A: Adults should also do muscle-strengthening activities that are moderate or high intensity and involve all major muscle groups on 2 or more days a week, as these activities provide additional health benefits.

Q: How many cups of fruits and vegetables do you eat daily?

A: Most people should aim at least 4½ cups of vegetables and fruits a day. Sorry; potatoes don't count. Eat for a variety of kinds and colors of produce, to give your body the mix of nutrients it needs. Best ones?  Dark leafy greens, tomatoes, and anything rich yellow, orange, or red color. Men should eat tomatoes at least once per week.

There are many health benefits from eating a diet rich in vegetables and fruits: Lower blood pressure; reduced risk of heart disease, stroke, and probably some cancers; lower risk of eye and digestive problems; and the fiber helps keep appetite in check.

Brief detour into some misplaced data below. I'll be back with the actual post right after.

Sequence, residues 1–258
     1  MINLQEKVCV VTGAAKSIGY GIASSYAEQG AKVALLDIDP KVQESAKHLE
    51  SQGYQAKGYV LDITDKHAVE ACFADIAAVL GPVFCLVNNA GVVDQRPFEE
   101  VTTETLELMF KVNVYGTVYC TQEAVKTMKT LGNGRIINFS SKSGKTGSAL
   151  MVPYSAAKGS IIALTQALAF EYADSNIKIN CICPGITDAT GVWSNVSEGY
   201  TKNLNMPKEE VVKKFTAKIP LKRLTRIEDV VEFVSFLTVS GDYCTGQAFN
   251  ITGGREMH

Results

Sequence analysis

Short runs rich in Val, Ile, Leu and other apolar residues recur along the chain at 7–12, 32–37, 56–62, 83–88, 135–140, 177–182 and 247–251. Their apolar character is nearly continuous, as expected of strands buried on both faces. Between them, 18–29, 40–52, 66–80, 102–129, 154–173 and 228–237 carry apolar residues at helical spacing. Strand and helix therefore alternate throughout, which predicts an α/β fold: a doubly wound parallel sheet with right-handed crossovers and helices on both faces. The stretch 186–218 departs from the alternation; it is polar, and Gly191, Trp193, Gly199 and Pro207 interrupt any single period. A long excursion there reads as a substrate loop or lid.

Q: How many ounces of fish do you eat per week?

A: At least two 3.5 ounces servings a week. Fish is high in protein, vitamins, minerals, and some fish is rich in omega 3 fatty acids. Eating fish regularly lessens your chance of getting heart disease, and might help other medical conditions too. Fish that contain high levels of omega-3 fatty acids include mackerel, Atlantic salmon (canned salmon too), canned tuna, herrings and sardines.

Q: How many 1-ounce servings of fiber-rich whole grains do you eat daily?

A: Three for women and five for men1-ounce equivalent servings a day. Eating grains, especially whole grains, provides health benefits. People who eat whole grains as part of a healthy diet have a reduced risk of some chronic diseases. Grains provide many nutrients that are vital for the health and maintenance of our bodies.